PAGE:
Saturday, June 2, 2012

Incompetence can’t be our brand

It took 10 years for the LRTA’s train of impunity to finally run toward Cavite. Surely, international players in the urban rail industry, including investors who sit on trillions of dollars, are waiting to see whether or not the DOTC will implement the project using a truly competitive and transparent model,” writes Neal H. Cruz, Philippine Daily Inquirer, May 13th, 2012; Why LRTA is losing too much money.

I wrote some months ago about my own experience of a delayed flight to Cebu because of NAIA’s runway congestion . . . Secretary Mar Roxas said that the commercial airlines operating in NAIA have doubled to 119 compared to only 62 in 2008,” adds former senator Atty. Rene Espina, Manila Bulletin, May 13, 2012. “. . . [W]e are dragging our feet, reports Business Mirror, 2nd May 2012. The upgrading of airport facilities, a project targeted for completion February 2007 is now moved to June 2013”!

Those news reports are a microcosm of our reality – and it isn’t promising given we’ve already lost this generation to underdevelopment. It is very similar to what the writer saw when he first arrived in Eastern Europe. And we have already seen how country after country in the region has gone ahead of us – “que sera, sera”? The only difference is today President Aquino is personally leading the fight against corruption, but for the rest of us it’s business as usual – while rationalizing the inefficiencies and incompetence in our midst? As the writer’s Eastern European friends have realized: “We can’t get to our destination no matter how much we want to if we are driving a car with a punctured gas tank”! And that is exactly what we are doing with “a little inefficiency here” and “a little incompetence there.” The free market is a highly competitive arena and competition can come from anywhere. To say we were blindsided doesn’t change the outcome, if it is one of failure. Throwing efforts against problems incessantly doesn’t mean we are being efficient and competent. For decades we’ve been caught in the “activity trap” – going round in circles – and that is exactly how and why undertakings fail!

Well traveled as we are, it is not lost to Pinoys that the one thing that generally differentiates a developed from an underdeveloped economy is infrastructure. And the writer’s Eastern European friends have realized why before they were formally accepted into the EU, the EU committed on upgrading their country’s infrastructure. It is no different from how the US developed after WWII following Eisenhower’s efforts to build the US highway system. And Europeans saw it again happen with Spain and Portugal in the early days of the EU. But infrastructure has both hard and soft elements. And among the soft elements is product development. Infrastructure will pave the way for efficiency but revenues will only come from tangible products. (Unfortunately, we’re still wedded to the primitive ways of political patronage and rent-seeking! To add insult to injury, we hide behind the mantel of nationalism; like we hide behind the law to trample truth and justice!)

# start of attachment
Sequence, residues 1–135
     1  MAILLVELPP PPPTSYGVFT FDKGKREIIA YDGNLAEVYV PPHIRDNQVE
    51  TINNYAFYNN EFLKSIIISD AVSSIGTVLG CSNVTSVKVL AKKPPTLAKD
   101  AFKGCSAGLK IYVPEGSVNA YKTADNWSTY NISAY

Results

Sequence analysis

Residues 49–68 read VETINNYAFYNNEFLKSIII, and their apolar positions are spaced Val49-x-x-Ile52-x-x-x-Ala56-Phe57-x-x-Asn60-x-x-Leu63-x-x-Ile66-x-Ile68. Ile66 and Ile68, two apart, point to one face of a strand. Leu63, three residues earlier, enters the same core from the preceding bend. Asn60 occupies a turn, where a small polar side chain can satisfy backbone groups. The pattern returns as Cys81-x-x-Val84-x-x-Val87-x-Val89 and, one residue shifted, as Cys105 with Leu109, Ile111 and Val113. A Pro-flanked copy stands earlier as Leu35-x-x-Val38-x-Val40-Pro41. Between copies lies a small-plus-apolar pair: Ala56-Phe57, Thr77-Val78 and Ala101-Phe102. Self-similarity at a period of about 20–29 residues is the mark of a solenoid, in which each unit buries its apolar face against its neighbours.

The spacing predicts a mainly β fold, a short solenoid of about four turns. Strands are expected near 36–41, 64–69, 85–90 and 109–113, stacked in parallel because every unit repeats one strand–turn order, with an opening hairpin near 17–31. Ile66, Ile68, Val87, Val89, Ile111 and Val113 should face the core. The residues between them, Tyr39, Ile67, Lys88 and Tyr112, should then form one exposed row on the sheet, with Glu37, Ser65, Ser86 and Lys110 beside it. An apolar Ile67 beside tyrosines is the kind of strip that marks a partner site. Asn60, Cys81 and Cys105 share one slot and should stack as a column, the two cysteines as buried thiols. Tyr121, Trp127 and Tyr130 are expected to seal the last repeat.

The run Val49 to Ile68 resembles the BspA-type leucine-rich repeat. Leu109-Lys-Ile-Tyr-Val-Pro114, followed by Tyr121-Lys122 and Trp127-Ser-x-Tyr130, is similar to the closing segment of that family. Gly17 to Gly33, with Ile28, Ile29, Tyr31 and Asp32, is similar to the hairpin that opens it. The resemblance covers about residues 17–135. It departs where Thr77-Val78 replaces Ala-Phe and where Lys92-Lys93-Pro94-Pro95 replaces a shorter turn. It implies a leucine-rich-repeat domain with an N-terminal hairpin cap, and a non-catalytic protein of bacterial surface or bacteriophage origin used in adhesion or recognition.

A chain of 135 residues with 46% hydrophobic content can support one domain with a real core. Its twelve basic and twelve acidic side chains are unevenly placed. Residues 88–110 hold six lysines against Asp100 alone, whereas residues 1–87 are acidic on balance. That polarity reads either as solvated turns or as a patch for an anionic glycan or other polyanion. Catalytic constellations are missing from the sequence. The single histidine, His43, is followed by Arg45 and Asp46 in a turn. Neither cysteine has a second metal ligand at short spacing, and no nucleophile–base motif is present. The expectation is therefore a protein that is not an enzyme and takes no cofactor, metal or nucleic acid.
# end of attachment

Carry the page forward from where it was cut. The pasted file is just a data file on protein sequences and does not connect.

And as the writer’s friends moved into other businesses, they realized the imperative to move beyond “economy [or cheap] brands” – because they couldn’t compete beyond the local market if their only ammunition was pricing. And it meant they had to import technology and knowledge and invest in the state-of-the-art. And the new mindset allowed them to stretch their thinking about the business, the market and the world. And that bigger thinking would raise their ability and confidence to compete head-to-head with global behemoths.

Why is the Philippines uncompetitive? Because we have accepted as a given a very narrow view of the world – i.e., to keep the market to ourselves. And with an economy driven by OFW remittances and the “big boys” we have truly kept the market to ourselves. In contrast, a broad-based economy that is committed, beyond investment, to technology and innovation would put us in good stead to capture overseas markets ourselves. Our inward-looking bias meanwhile lends itself to political patronage and its resulting inefficiencies and incompetence – thus reinforcing our economic backwardness. And so despite paying CNN loads of money to project our supposed brand, they still aired the other half of the story. Of course, in our parochial confines we have ways to manage news!

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